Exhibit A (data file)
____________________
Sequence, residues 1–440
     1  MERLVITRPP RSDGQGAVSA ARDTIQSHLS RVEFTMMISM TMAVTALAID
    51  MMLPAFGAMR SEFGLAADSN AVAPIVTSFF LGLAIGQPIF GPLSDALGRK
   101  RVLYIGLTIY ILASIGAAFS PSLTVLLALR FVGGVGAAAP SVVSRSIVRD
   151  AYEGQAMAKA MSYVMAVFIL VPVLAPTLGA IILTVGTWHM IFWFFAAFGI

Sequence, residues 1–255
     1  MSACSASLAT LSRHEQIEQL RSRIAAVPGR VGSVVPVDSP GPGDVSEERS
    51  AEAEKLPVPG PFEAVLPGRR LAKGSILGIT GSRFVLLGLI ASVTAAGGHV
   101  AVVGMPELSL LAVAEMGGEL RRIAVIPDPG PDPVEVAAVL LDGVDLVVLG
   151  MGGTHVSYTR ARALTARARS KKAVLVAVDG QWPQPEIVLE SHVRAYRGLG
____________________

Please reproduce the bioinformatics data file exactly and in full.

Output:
Sequence, residues 1–440
     1  MERLVITRPP RSDGQGAVSA ARDTIQSHLS RVEFTMMISM TMAVTALAID
    51  MMLPAFGAMR SEFGLAADSN AVAPIVTSFF LGLAIGQPIF GPLSDALGRK
   101  RVLYIGLTIY ILASIGAAFS PSLTVLLALR FVGGVGAAAP SVVSRSIVRD
   151  AYEGQAMAKA MSYVMAVFIL VPVLAPTLGA IILTVGTWHM IFWFFAAFGI

Sequence, residues 1–255
     1  MSACSASLAT LSRHEQIEQL RSRIAAVPGR VGSVVPVDSP GPGDVSEERS
    51  AEAEKLPVPG PFEAVLPGRR LAKGSILGIT GSRFVLLGLI ASVTAAGGHV
   101  AVVGMPELSL LAVAEMGGEL RRIAVIPDPG PDPVEVAAVL LDGVDLVVLG
   151  MGGTHVSYTR ARALTARARS KKAVLVAVDG QWPQPEIVLE SHVRAYRGLG